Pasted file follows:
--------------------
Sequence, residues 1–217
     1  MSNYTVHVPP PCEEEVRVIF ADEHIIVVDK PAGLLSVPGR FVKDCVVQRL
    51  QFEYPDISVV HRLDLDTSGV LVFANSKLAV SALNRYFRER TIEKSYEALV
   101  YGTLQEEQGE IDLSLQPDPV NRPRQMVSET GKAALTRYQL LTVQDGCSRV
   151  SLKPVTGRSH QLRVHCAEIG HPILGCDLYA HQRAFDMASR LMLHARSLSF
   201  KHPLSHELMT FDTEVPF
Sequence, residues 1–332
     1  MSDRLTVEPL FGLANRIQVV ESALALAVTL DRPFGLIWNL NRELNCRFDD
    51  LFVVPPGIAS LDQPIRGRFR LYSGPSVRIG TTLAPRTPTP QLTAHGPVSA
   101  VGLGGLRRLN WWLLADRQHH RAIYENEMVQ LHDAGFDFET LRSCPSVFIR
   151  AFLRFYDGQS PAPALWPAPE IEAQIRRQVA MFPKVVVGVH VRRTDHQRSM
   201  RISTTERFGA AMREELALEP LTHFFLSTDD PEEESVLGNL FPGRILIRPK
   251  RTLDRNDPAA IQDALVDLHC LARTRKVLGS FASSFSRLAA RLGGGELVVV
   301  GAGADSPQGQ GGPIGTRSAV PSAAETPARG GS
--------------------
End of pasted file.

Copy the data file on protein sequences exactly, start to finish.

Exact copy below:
Sequence, residues 1–217
     1  MSNYTVHVPP PCEEEVRVIF ADEHIIVVDK PAGLLSVPGR FVKDCVVQRL
    51  QFEYPDISVV HRLDLDTSGV LVFANSKLAV SALNRYFRER TIEKSYEALV
   101  YGTLQEEQGE IDLSLQPDPV NRPRQMVSET GKAALTRYQL LTVQDGCSRV
   151  SLKPVTGRSH QLRVHCAEIG HPILGCDLYA HQRAFDMASR LMLHARSLSF
   201  KHPLSHELMT FDTEVPF
Sequence, residues 1–332
     1  MSDRLTVEPL FGLANRIQVV ESALALAVTL DRPFGLIWNL NRELNCRFDD
    51  LFVVPPGIAS LDQPIRGRFR LYSGPSVRIG TTLAPRTPTP QLTAHGPVSA
   101  VGLGGLRRLN WWLLADRQHH RAIYENEMVQ LHDAGFDFET LRSCPSVFIR
   151  AFLRFYDGQS PAPALWPAPE IEAQIRRQVA MFPKVVVGVH VRRTDHQRSM
   201  RISTTERFGA AMREELALEP LTHFFLSTDD PEEESVLGNL FPGRILIRPK
   251  RTLDRNDPAA IQDALVDLHC LARTRKVLGS FASSFSRLAA RLGGGELVVV
   301  GAGADSPQGQ GGPIGTRSAV PSAAETPARG GS